With Asian investment for fuel, action has begun on schedule on the next planned step to increase British Columbia (BC) production of shale gas and liquids.

Spectra Energy Transmission (formerly Westcoast Energy) has made a construction application to the National Energy Board (NEB) for northeastern BC pipeline and processing facilities that cater to supply development by Progress Energy Resources Corp.

The application arrived two weeks after the Canadian government approved the C$6 billion takeover of Progress by Petronas, Malaysia’s state-owned oil, gas, liquefied natural gas (LNG) and tanker shipping conglomerate.

Titled the North Montney Project, Spectra’s program revives a mothballed site called the Aitken Creek Processing Plant and increases use of its larger McMahon Plant near Fort St. John, in the most accessible industrial region of remote northeastern BC. The project includes facilities for premium-value liquid byproducts, known as condensate or natural gasoline, as well as for dry gas.

Spectra named its project after a gas- and liquids-rich shale deposit that straddles the Alaska Highway where Progress and Petronas have declared intentions to pour more than C$1 billion into supply development over the next five years.

The Asian-Canadian corporate pair own the industry’s largest spread of drilling rights in the Montney formation of northeastern BC and northwestern Alberta: 825,000 acres (1,250 square miles), led by 700,000 acres (1,094 square miles) of the North Montney in BC. A geological evaluation last year estimated that a sub-formation of about one-fifth of the companies’ holdings contains 27.3 Tcf of gas in compact commercial packages averaging 126 Bcf per square mile.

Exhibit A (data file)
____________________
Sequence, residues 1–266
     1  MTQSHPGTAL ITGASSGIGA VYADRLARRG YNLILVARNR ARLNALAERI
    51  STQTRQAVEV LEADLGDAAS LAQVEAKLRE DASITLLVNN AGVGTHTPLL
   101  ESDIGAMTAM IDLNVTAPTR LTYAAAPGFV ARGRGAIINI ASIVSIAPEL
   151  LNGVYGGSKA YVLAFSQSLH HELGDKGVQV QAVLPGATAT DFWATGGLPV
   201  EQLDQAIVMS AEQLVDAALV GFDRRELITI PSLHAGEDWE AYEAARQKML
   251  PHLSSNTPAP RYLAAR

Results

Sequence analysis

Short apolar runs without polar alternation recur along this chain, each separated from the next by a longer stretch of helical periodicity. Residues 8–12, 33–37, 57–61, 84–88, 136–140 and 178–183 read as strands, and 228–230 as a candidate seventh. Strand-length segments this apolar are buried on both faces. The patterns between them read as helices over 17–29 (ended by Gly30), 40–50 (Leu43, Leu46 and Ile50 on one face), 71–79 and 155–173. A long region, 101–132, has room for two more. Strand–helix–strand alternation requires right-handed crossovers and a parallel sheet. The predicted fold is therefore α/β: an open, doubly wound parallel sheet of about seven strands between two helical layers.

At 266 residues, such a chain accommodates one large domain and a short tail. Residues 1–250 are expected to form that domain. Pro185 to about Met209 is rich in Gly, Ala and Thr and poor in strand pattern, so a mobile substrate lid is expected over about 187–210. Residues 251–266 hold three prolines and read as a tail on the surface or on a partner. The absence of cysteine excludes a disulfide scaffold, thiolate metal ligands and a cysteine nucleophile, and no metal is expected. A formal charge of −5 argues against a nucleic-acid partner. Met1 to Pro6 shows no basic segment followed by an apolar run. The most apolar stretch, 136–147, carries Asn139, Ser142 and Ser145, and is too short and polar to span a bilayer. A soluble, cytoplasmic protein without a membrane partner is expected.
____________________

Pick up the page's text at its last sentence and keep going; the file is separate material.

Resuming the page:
In presentations to investors, Progress points out that Montney wells qualify for deep drilling credits against provincial production royalties of about $2 million each. Industry investment estimates indicate the incentive scheme covers about half the current costs for northern use of shale development methods, and predict expenses will be reduced as the technology evolves into a routine operation.

Employing horizontal drilling and hydraulic fracturing methods, the Petronas-Progress supply program supports a longer-range plan by the pair to build a mammoth LNG terminal on the BC Pacific Coast at Lelu Island, near the province’s northern-most seaport at Prince Rupert.

The design, called Pacific Northwest LNG, calls for construction in stages of an export tanker terminal with up to three output trains for 3.8 million tonnes apiece per year (about 180 Bcf annually, or 500 MMcf/d each) for C$9-11 billion. The plan also includes a new pipeline to fill the plant.

Petronas-Progress have scheduled terminal construction to begin in 2014, with LNG tanker exports from the Lelu Island terminal starting up in 2018.

Spectra’s NEB filing for new capacity kept a promise to advance the BC shale development juggernaut into the regulatory approval stage by the end of 2012.

In its construction application, the pipeline and processing company did not identify its customers for the expansion facilities by name or disclose the project costs on grounds that all tolls and fees have been set by negotiation of competitive rates. But Spectra presentations to investors have estimated costs of the North Montney Project at about C$200 million for capacity of 370 MMcf/d, and have identified Petronas-Progress as the main customer. The NEB application sets a target of May 2014 for completing and starting up the BC service additions.

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